Briefly on the QDMTT – how much?

The countries that have joined the global minimum tax regime have agreed that if the effective tax burden of group members operating in their territory is lower than 15 %, the difference will be collected as a top-up tax through various collection mechanisms.  

As typically subsidiaries or intermediate parent companies of groups subject to the global minimum tax are located in Hungary, it is expected that the most commonly used collection rule for Hungarian group members will be the Qualified Domestic Minimum Top-Up Tax (QDMTT),which will be introduced as part of the GloBE, and that domestic group members will be responsible for calculating and meeting their tax obligations.   

The net profits on which the top-up tax is based will be determined by the group members in accordance with the local accounting standards, which means that the Hungarian Accounting Act may also be the basis for assessing the tax liabilities.

By introducing a qualified domestic minimum top-up tax, one objective of the legislators was to achieve the so-called QDMTT Safe Harbour status, which could mean, among others, that groups of companies resident in Hungary could choose to calculate and pay their top-up tax liability only in Hungary, thus significantly reducing the administrative burden for parent companies located in other countries.

Exemptions and Safe Harbour

The global minimum tax regime, like other tax regimes, includes a number of exemptions and reliefs. These can be temporary exemptions that simplify administration, such as the CbCR Safe Harbour rules, or transitional rules lasting several years that allow for a larger reduction of the tax base.  One such option is the Substance-Based Income Exclusion (SBIE),whereby net profits are reduced by a fixed percentage of the recognised wage costs and the value of tangible assets.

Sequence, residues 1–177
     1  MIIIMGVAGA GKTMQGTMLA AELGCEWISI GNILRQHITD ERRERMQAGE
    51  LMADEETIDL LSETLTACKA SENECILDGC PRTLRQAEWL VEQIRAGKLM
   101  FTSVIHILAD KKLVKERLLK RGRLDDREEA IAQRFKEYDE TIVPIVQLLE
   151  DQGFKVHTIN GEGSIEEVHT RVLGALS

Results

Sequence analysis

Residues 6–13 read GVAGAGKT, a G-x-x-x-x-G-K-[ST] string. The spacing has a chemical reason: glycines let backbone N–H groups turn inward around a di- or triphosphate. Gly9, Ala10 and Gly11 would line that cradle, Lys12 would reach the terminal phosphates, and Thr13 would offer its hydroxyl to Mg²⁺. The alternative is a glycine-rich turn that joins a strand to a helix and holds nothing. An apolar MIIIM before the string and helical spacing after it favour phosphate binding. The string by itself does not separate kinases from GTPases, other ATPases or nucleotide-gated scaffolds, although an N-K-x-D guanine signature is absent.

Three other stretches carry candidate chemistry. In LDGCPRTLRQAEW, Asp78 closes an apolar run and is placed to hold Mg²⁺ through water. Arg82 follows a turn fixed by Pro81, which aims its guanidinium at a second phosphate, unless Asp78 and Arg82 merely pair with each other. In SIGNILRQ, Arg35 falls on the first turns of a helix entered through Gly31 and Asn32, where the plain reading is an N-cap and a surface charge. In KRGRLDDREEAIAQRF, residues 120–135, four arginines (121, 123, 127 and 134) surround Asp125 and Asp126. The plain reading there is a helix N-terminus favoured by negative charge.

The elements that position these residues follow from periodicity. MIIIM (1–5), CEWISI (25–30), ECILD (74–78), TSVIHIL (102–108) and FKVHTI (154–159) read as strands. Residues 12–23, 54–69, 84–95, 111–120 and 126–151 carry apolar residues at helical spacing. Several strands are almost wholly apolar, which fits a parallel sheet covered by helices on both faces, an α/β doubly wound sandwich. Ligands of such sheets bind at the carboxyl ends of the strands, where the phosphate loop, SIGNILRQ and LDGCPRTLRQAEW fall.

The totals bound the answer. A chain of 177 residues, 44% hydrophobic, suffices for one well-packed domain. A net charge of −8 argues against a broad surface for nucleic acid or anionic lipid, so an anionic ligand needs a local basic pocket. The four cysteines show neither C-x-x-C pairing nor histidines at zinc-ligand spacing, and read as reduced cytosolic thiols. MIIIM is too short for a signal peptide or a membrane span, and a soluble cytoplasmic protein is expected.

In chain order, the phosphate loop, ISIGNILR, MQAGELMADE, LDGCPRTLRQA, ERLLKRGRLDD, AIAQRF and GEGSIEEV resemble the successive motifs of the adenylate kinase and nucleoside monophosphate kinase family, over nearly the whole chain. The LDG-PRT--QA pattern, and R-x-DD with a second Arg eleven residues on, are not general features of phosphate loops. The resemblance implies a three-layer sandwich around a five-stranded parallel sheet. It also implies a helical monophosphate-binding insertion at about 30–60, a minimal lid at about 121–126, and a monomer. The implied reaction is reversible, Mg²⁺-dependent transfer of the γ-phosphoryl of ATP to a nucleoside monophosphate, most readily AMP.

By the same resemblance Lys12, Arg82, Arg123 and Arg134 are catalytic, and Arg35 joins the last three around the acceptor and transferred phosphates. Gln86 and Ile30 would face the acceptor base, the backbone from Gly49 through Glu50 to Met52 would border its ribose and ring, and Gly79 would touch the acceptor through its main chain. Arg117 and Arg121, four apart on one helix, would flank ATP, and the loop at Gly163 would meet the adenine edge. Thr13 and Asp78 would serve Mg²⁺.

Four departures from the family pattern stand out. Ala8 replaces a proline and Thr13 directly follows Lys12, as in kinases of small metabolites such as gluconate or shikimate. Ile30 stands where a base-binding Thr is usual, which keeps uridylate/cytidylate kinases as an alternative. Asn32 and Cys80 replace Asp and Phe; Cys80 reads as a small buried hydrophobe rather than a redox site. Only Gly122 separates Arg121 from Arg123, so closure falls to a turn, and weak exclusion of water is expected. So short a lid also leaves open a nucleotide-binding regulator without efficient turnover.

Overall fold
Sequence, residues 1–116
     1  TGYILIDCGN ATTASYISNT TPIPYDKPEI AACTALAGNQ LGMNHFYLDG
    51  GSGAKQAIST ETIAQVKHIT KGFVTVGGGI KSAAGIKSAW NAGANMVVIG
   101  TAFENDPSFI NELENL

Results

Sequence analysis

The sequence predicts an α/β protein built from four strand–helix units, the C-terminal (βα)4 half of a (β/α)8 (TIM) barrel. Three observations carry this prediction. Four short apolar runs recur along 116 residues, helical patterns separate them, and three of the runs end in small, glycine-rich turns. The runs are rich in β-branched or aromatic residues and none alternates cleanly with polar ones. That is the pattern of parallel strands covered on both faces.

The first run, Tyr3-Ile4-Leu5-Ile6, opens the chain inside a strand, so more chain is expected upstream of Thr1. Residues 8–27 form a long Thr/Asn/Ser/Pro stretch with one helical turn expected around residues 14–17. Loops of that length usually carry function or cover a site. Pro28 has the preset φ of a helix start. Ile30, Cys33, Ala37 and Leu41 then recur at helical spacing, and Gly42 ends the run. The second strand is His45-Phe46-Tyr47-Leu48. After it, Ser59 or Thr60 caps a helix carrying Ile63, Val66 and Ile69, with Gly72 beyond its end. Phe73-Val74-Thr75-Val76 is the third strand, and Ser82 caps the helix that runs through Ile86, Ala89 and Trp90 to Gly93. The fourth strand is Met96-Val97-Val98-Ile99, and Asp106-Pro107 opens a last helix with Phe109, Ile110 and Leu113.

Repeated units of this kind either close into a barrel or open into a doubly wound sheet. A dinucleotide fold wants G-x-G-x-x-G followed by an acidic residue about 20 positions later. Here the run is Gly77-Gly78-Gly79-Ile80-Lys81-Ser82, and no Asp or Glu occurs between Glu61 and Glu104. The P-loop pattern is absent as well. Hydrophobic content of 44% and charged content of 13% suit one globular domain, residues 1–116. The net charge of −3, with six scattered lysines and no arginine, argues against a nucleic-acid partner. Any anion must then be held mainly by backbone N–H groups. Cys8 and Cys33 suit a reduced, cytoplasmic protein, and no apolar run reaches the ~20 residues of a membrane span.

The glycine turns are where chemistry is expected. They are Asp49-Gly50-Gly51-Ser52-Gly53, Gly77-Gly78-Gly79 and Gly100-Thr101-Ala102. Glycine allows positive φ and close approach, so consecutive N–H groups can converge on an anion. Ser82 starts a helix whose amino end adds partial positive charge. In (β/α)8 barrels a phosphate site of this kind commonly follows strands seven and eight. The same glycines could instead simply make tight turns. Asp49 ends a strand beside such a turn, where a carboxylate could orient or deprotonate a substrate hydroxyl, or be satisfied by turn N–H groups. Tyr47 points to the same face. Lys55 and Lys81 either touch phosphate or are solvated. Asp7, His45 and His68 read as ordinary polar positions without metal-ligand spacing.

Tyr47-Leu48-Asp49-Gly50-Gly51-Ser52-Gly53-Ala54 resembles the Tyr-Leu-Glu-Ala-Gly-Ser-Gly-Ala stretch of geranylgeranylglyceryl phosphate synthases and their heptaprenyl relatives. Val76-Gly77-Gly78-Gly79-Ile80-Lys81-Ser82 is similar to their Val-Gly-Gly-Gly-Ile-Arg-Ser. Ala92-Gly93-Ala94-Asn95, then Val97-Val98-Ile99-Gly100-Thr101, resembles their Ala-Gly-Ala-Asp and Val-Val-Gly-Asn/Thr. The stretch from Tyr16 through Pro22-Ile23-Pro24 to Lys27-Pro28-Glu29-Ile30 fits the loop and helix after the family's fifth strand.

As there are also direct exemptions from the top-up tax burden, which can be used to reduce the tax liability to zero, each group member concerned should consider what reliefs are available for them.

When and what kind of administrative tasks are to be expected?

Of course, there are specific procedural rules for meeting tax obligations (reporting, data supply and tax returns). As a first step, the domestic group member must notify the tax authority of the taxability. The tax return, including the top-up tax liability, will have to be filed within 15 months of the last day of the tax year. In view of the introduction of the global minimum tax, this deadline will be extended to 18 months for the transitional year (2024). 

Further supplementary legislation to Act LXXXIV of 2023, which lays down the domestic rules for the global minimum tax, is expected to be published by the middle of this year.  Although the deadline for the first tax filing may seem a long way off, it is worth starting the preparations now.

Ask our tax advisory team